India is one of the most vulnerable regions in the world to climate change. Extreme weather events like floods, droughts, and heat waves are on the rise. It affects people not just physically but also mentally.
Studies conducted after disasters, like the Andaman & Nicobar Islands Tsunami and Odisha cyclone, prove this. Among surviving adolescents, PTSD rates reached 10.8% after the Tsunami and 26.9% after the cyclone.
While, generalized anxiety disorders (GADs) affected 12% of school-going adolescents in Odisha, much higher than the 2016 national rate of 1.3% for GADs in adults. This underscores the serious impact of climate change on India’s youth.
Let’s dive deeper into this and look at the climate changes that have severely affected the Indian minds in today’s times.
India has seen a surge in severe heat waves in recent years. According to the India Meteorological Department (IMD), the number of heat wave days increased by 2.5 days from 1961 to 2021, with an average temperature rise of 0.8 degrees Celsius.
In 2022, India recorded its hottest March on record, hitting 49°C, leading to numerous fatalities. Heat stress also takes a toll on mental health, causing:
- Anxiety and depression
- Cognitive impairment
- Sleep problems
According to a report published in Down To Earth, bipolar relapses increase by 30-40% during hotter months, hinting that people with pre-existing mental health conditions remain vulnerable to heat stress.
Natural disasters like floods, droughts, and cyclones have also been found to have a significant impact on mental health in India.
For instance, Kerala’s 2018 flood is an example of how natural disasters affect mental health. Many experienced anxiety, depression, and PTSD. A study by the National Institute of Mental Health and Neurosciences revealed that 40% of flood-affected people had PTSD symptoms.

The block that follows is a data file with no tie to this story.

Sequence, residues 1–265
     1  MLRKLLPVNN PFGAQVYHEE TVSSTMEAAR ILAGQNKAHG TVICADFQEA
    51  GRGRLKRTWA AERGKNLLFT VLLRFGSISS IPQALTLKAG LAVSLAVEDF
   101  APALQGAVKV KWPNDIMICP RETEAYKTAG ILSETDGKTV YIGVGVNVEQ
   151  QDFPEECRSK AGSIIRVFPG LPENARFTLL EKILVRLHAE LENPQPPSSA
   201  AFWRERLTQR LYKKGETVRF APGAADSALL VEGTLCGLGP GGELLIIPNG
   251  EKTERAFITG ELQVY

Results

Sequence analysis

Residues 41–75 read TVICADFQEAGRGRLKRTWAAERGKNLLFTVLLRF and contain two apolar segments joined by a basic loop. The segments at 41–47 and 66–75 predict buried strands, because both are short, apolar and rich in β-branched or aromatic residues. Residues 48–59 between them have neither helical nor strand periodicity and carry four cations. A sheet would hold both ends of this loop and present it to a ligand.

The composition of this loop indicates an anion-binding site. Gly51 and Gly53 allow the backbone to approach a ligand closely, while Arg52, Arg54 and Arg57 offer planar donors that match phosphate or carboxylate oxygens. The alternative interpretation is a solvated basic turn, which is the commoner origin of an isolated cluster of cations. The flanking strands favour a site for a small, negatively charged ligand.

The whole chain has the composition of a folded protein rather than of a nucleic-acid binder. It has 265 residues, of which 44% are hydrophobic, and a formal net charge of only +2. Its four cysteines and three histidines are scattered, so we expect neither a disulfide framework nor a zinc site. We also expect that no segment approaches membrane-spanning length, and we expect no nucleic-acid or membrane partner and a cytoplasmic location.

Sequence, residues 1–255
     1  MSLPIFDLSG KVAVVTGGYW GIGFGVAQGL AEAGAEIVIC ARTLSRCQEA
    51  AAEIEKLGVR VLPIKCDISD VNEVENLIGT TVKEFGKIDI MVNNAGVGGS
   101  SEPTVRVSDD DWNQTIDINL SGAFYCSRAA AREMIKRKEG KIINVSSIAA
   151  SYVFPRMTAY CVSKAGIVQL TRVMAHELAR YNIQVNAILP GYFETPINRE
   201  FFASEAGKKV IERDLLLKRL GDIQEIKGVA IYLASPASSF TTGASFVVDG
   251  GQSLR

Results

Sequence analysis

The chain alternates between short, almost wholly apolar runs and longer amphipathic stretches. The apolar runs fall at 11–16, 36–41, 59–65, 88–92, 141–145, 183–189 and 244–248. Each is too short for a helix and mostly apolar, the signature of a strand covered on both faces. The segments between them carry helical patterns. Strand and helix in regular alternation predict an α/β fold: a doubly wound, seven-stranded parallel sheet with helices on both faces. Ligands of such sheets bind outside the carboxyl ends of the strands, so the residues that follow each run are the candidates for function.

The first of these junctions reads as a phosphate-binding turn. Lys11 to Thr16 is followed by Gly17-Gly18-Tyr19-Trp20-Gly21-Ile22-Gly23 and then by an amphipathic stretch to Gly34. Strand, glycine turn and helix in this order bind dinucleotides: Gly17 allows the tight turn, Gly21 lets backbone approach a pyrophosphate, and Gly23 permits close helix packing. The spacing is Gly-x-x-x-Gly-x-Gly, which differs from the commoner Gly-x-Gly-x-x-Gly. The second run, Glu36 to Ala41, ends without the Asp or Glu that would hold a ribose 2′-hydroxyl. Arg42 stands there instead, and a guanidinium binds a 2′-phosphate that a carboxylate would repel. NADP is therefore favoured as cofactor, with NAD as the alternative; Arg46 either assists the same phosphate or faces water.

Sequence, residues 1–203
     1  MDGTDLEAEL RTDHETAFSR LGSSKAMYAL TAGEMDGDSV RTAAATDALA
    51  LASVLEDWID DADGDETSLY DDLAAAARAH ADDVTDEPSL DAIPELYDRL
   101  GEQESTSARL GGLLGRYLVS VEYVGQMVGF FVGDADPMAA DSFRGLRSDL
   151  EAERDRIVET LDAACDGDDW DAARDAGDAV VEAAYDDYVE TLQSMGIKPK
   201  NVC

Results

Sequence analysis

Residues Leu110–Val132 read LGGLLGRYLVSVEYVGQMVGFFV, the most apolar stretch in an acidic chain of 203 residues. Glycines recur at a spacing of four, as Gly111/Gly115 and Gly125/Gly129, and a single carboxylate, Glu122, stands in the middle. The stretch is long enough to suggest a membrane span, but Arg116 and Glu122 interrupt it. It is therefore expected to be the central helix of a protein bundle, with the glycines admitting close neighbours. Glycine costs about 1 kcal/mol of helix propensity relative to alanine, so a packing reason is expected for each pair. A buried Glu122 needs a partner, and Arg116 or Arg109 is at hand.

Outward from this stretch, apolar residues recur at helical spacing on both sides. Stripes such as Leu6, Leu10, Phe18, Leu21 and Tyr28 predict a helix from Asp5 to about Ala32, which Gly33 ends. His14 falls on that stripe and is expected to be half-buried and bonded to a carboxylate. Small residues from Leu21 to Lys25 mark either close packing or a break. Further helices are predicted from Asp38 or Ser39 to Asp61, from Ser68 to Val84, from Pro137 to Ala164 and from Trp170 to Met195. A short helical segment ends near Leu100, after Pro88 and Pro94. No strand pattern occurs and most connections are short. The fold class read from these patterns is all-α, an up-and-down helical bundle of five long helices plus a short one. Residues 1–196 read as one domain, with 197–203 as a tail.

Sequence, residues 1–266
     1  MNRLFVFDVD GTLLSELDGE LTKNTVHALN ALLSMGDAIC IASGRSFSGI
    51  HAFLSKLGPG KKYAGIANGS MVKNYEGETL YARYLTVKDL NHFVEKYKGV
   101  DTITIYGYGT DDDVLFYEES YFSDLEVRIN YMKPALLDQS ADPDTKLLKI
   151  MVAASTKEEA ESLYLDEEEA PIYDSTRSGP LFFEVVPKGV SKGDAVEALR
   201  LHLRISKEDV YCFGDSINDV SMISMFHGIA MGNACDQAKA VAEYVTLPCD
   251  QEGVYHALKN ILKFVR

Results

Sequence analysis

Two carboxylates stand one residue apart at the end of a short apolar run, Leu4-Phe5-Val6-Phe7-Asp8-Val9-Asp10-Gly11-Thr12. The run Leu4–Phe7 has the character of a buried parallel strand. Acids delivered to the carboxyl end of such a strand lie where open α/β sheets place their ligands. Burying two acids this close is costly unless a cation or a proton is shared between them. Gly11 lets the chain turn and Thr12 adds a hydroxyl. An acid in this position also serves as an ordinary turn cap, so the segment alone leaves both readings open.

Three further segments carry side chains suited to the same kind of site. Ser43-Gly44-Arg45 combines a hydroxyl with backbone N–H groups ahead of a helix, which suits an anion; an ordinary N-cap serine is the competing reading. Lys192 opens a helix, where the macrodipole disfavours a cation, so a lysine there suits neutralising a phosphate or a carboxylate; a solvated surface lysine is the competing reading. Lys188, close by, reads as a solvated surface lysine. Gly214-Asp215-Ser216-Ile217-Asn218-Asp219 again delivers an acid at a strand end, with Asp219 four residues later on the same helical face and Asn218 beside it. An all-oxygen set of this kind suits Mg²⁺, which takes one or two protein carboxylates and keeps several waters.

However, the impacts of natural disasters vary depending on the severity, the individual’s resilience, and the support they receive. Some common problems associated with natural disasters include:
- Post-traumatic stress disorder (PTSD)
- Substance abuse
- Domestic violence
Air pollution, a hazardous climate factor, has a dual impact on people, affecting both physical and mental well-being.
Research reveals that individuals residing in areas with elevated air pollution levels are likely to report feelings of sadness, low mood, and depression. They also experience cognitive difficulties and a sense of helplessness in managing their lives.
The same research also identified four factors that mediate the mental health effects of air pollution:
- Overall physical health
- Respiratory conditions
- Changes in physical activity
- Current employment status.
This indicates that air pollution can harm mental health through both direct and indirect pathways.
Moreover, air pollution has been associated with:
- Directly affecting the brain.
- Triggering inflammation.
- Aggravating existing mental health issues.
- Diminishing overall quality of life.
India’s vulnerability to climate change is evident through the increasing frequency of extreme weather events, which pose a huge mental health risk.
Rising heat stress, natural disasters, and environmental pollution are major contributors to mental health problems in India, leading to increased anxiety, depression, and PTSD. Climate change poses a significant threat to mental well-being in India, necessitating urgent attention and support.
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